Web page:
LED Music Visualizer on a RaspberryPi - Write-up
written on 04 May 2017
This was a rather time consuming project I did in April of 2015. This was a project where the goal was to visualize music on an LED-strip. I used the RaspberryPi to be able to communicate with the strip. The projects consists of FFT, SPI communication, and some really wierd setup of client-server with caching of songs. Cobbled together with Python.
If you wanna see it in action here’s a clip:
The song is ‘C2C - Down the Road’, for the curious.
From what I remember this was on of my first advanced projects, and probably one of my favourites. I learned so much, and I was really proud at the time when I got it working… but it’s probably the most un-userfriendly thing I have made.
It was also my first try at doing anything with electronics, even just connecting three cables. Connecting LED-strip to my RaspberryPi without any idea of what I was doing, and finding out how to get them to light up was over half the fun.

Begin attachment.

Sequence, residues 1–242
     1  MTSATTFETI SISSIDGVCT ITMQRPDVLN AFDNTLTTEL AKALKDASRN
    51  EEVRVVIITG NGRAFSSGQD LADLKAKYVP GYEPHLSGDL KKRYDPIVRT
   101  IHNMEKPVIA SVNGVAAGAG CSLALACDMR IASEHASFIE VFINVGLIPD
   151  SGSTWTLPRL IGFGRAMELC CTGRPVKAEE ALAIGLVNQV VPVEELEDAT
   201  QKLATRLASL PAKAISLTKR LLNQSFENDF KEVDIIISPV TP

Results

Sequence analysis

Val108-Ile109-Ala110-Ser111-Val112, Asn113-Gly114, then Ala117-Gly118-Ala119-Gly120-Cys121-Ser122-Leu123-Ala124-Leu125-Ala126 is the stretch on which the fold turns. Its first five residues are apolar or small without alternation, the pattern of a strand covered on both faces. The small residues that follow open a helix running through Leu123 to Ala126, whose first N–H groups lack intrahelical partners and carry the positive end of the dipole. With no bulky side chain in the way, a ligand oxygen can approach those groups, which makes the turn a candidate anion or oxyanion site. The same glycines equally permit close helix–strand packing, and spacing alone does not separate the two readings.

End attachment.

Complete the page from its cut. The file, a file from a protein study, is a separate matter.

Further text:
Getting it to play
To be able to actually see a song on the strip, you have to do a couple of things:
- First of, SSH into the Raspberry Pi
- Make sure you have the server code on there
- Launch the server script with your desired settings.
- Convert the song on your other PC from MP3 to WAV, using the bundled batch script.
- Launch the client script with your desired settings.
Your part in this is now over, the scripts do the rest from this point.
- Let it run for some time while the FFT is all cached in a binary file.
- This binary “cache” file is now sent over to the server using TCP.
- The server then sends a message from the server to the client, telling it to start playing the song on your PC.
- At last the server/raspberrypi begins to light up the LED-strip with the values from the FFT.
But did I mention you have to restart both scripts when you want a new song, or another frequenzy channel to show on the LED-strip?
…so it’s not exactly elegant, and that’s probably why I like it so much. It was just a whole lot of fun putting together.